Last month, we discussed the “building back better” rhetoric that has been so prevalent in discussions surrounding economic recovery from COVID-19. Since then, the UK government has outlined their new Obesity Strategy, describing a series of measures and a health campaign designed to help the nation return to a healthy weight, positioned as a means of building resilience against future virus outbreaks. One measure that will affect Scotland directly is the plan to introduce a 9pm advertising watershed for foods high in fat, sugar and/or salt on TV and online. The Scottish Government has been clear in their desire to build a ‘wellbeing economy’, one that recognises population health and wellbeing as incumbent to building back a robust, resilient economy. In this blog, we discuss our current situation and key recommended actions that we believe will help toward building a healthier, more resilient population in Scotland.
The current situation in Scotland
Currently, the majority of the Scottish adult population are classed as overweight (65%), with 28% classed as having obesity. Prevalence rates are also high in children, with 29% of those aged 2-15 at risk of overweight, and 16% at risk of obesity. Excess weight increases the risk of developing conditions and diseases such as asthma, type 2 diabetes, hypertension, heart disease, stroke and 13 different types of cancer. Driving these rates is Scotland’s poor population diet: we have consistently missed our dietary goals for 17 years. Discretionary foods such as cakes and confectionery are consumed too often, and foods of higher nutritional quality such as fruit and vegetables, fibre and oil-rich fish are not consumed enough. As we live in an unhealthy food environment, where food high in fat, sugar and salt is heavily promoted and advertised, it is difficult for many to afford and/or access fresh, healthy food.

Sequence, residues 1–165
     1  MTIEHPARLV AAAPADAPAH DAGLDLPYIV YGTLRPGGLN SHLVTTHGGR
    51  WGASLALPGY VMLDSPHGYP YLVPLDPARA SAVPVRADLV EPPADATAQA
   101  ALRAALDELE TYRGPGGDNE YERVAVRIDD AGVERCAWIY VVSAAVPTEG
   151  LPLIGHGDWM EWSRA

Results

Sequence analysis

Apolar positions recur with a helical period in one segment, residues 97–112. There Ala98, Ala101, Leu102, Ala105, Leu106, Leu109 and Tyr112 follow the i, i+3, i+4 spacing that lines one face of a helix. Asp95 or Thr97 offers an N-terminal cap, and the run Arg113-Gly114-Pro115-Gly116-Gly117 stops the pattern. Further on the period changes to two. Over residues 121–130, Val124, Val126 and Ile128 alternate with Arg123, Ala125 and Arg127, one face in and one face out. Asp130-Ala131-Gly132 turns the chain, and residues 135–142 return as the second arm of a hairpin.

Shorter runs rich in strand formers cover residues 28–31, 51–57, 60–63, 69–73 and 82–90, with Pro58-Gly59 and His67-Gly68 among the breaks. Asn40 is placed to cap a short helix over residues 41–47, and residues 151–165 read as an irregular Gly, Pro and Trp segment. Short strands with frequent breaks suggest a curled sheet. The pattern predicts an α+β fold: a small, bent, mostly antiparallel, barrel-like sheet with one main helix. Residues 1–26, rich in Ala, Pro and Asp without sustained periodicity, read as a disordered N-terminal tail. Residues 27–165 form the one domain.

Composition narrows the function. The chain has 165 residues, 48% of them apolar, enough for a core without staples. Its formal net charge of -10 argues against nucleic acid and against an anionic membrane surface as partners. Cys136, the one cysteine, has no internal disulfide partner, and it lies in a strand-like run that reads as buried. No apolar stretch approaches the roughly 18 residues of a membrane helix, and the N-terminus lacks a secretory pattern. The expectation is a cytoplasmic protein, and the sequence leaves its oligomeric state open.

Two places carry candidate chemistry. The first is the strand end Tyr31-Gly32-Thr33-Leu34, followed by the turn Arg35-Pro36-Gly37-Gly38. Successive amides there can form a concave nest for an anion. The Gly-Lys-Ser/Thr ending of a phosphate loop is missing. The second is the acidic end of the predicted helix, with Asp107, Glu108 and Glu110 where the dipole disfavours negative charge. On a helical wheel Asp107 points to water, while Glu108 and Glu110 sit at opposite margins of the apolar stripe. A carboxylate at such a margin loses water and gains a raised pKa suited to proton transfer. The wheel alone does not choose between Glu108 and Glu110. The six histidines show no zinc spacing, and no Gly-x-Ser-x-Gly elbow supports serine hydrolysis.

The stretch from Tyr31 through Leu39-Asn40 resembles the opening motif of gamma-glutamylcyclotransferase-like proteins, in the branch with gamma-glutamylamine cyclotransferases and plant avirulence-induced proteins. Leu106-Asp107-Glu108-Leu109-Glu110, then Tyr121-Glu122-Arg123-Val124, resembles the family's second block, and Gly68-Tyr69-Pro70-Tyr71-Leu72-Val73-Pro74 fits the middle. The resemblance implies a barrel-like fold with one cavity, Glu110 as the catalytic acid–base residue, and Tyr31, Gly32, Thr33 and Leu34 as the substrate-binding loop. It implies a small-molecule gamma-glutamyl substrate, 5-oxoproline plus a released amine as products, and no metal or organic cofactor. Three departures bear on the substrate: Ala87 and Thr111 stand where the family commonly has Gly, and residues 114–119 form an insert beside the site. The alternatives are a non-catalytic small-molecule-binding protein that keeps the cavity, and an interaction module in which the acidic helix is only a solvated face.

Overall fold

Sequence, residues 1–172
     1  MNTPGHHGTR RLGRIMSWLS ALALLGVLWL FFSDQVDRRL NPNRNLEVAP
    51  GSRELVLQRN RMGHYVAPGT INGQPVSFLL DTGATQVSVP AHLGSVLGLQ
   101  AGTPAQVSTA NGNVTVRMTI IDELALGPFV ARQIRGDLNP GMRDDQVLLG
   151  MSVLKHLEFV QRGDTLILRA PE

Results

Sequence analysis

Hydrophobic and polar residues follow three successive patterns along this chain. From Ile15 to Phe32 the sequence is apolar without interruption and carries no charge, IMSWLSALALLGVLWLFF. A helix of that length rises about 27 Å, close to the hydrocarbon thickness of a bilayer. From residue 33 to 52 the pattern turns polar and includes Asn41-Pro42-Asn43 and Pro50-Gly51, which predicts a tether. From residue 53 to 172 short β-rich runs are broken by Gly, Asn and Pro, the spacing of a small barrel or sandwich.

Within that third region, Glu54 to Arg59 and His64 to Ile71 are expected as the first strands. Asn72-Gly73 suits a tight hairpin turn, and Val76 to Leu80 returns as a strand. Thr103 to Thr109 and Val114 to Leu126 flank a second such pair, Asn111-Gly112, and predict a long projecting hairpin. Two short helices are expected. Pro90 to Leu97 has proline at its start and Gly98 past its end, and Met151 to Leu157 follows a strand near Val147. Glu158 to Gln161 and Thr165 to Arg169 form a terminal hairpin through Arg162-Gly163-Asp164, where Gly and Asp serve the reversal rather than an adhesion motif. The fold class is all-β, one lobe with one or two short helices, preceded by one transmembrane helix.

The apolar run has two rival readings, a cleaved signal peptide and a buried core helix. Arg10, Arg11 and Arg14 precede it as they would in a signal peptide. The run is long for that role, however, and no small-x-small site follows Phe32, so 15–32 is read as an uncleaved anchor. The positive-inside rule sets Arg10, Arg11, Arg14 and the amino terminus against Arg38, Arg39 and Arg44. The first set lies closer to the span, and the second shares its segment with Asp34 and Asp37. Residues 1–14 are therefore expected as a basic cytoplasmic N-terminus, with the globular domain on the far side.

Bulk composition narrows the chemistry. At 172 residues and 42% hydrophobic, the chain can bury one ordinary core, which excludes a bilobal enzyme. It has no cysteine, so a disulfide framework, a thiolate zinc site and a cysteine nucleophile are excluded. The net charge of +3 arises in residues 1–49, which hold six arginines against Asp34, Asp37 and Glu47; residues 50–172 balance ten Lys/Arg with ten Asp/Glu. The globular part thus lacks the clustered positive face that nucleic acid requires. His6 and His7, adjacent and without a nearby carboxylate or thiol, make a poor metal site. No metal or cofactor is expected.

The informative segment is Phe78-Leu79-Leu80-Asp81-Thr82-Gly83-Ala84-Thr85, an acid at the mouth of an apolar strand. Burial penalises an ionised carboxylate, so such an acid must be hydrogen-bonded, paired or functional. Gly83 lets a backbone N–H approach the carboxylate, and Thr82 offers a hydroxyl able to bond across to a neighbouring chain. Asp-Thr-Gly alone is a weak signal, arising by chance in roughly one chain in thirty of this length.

What has evidence from the COVID-19 pandemic shown us?
Research from the UK and across the word consistently shows a link between obesity and increased susceptibility and severity of COVID-19, as well as worse outcomes for those with increasing BMI. People with obesity experience weakened immune systems, inflammation and impaired lung function, alongside the increased risk of having underlying conditions described above. These factors may increase the likelihood of susceptibility to coronavirus, diminish protection normally gained through immunisation and increase the severity of COVID-19 illness. Not only does obesity increase the risk of severe complications during COVID-19, but obesity prevalence may also be exacerbated by the restrictions put in place during lockdown and the resulting social and financial situation: a double-edged sword.
Building resilience for the future: what can we do?
The outbreak of COVID-19 has undoubtedly affected Scottish economy, with many ‘out of home’ businesses, such as cafes and restaurants, having to change their processes, or close. It has also put great strain on our current food system, exposed by supermarket food shortages early in the pandemic: highlighting how important a resilient, sustainable food system is as a whole. Positively, we are now presented with an important opportunity to reprioritise and rebuild a healthy food and social environment, with healthier high streets, less marketing of junk food and to address the inequality that underlies so many health issues in Scotland and the UK, including obesity prevalence. COVID-19 has highlighted the unequivocal importance of driving a focus on improving population diet and weight, in order to build a healthy population in Scotland: one that is more prepared and more resilient to any potential future outbreak.
Obesity Action Scotland proposes three key recommended actions to help achieve this: